Small Animals of Africa – ‘The Small 5’

After successful marketing the Big 5 as a tourist attraction rather than a hunting expedition, the conservationist felt there was a need to recognize the small animals of Africa Savannah. These animals are small, less noticed but are as baffling as their big counterparts.

They also share part of the English name with their counterparts the Big 5 making it easier for one to distinguish them from other small creatures. This gives a chance for people who have already seen the big animals come back and search for the smaller ones.

The Small 5 species include; ant lion, leopard tortoise, buffalo weaver, rhinoceros beetle and elephant shrew.

Ant Lion

This is an insect that has no resemblance to the mighty king of the jungle. They are mainly found in arid and sandy areas. They normally trap their prey, mainly ants by building small sand funnel-shaped holes. Once the prey falls in, they are not able to come out and forms meals for the ant lion.

Small Animals of Africa

Leopard Tortoise

This is a large attractive tortoise with distinctive spots that resemble those of the leopard. They are mainly found in East and Southern Africa and just like other tortoises, they hide their head, legs and tail in the shell when they sense danger. They dwell in abandoned fox, jackal or aardvark holes. As a herbivore, it feeds on mixed grasses, succulents and thistles.

Buffalo Weaver

This is the easiest to spot among the small five as it is very sociable. It dwells well in dry Savannah and woodlands and prefers areas disturbed by human and livestock. It feeds on insect, seeds and fruits. They are known to build a huge, untidy and unstructured communal nest from twigs and coarse grass.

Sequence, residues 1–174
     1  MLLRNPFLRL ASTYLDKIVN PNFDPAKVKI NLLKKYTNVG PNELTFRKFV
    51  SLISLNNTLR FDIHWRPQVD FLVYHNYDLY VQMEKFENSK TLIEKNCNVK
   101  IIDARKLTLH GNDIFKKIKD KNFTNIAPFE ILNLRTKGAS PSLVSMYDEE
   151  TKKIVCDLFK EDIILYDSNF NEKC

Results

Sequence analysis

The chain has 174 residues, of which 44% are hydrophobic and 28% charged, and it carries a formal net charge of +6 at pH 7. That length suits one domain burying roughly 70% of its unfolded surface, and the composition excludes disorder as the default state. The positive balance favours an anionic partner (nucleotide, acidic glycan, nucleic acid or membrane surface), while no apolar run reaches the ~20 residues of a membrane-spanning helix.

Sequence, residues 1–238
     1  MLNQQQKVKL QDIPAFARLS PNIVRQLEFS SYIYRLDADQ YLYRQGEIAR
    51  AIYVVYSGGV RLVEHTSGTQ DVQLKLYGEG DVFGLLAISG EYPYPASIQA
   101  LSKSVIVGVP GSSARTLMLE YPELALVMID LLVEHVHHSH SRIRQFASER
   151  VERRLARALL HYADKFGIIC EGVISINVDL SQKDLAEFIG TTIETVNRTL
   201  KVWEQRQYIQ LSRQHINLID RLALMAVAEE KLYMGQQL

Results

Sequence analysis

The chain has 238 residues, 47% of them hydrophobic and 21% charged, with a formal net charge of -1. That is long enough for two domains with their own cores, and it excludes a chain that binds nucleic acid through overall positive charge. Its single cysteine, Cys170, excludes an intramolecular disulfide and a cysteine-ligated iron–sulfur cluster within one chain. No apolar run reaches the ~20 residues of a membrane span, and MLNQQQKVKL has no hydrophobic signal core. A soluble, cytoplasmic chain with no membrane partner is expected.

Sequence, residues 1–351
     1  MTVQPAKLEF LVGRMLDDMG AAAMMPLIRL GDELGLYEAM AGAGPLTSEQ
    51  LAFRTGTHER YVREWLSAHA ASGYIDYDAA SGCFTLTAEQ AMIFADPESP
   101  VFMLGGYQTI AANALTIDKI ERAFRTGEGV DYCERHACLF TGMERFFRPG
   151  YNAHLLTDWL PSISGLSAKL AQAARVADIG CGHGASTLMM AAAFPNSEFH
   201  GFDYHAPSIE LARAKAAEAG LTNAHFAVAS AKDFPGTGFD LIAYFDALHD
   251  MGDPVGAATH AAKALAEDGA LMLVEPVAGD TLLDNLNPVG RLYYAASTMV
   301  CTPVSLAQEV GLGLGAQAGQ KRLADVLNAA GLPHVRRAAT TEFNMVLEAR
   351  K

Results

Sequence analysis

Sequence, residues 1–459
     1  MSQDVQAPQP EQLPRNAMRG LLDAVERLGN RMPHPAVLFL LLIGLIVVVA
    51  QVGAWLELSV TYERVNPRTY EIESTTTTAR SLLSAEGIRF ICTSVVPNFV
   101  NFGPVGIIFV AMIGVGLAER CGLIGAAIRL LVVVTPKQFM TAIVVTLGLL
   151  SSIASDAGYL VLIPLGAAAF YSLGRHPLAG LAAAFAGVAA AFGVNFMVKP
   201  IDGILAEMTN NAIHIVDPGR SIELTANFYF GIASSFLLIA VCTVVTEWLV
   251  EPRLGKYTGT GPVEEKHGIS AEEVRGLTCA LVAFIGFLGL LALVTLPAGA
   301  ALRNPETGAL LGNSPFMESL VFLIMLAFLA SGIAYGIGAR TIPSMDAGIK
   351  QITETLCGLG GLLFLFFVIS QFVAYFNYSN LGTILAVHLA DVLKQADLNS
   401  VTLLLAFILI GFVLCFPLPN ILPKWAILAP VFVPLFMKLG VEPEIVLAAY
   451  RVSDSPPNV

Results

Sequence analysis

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Rhinoceros Beetle

These are among the largest of beetles but are completely harmless to humans because they cannot bite or sting. They adorn two horns just like a rhino; one on the head and another pointing forward from the centre of the thorax. The horns are used for fighting other males during mating season as well as climbing and digging.Small Animals of Africa

These beetles are common pets in parts of Asia due to their cleanliness, easy to maintain stature and safe to handle. The male beetle is also used for gambling fights since they have the tendency of fighting each other for the attention of the female.

Elephant Shrew

Elephant shrew is also known as jumping shrew or sengis, they are insect-eating mammals found in arid lowlands, forests and Savannah grasslands. Their name come from the long nose that resembles the trunk of an elephant but their body resembles mice. They are seldom seen due to their shy nature and also their high speed of movement.

Small Animals of Africa

Other small animals to see while on safari


This is a small carnivoran belonging to the family of mongoose. They live in deserts and grasslands in the southern part of Africa. They can be located in the Kalahari Desert in Botswana, the Namib Desert in Namibia, Southwest Angola and South Africa.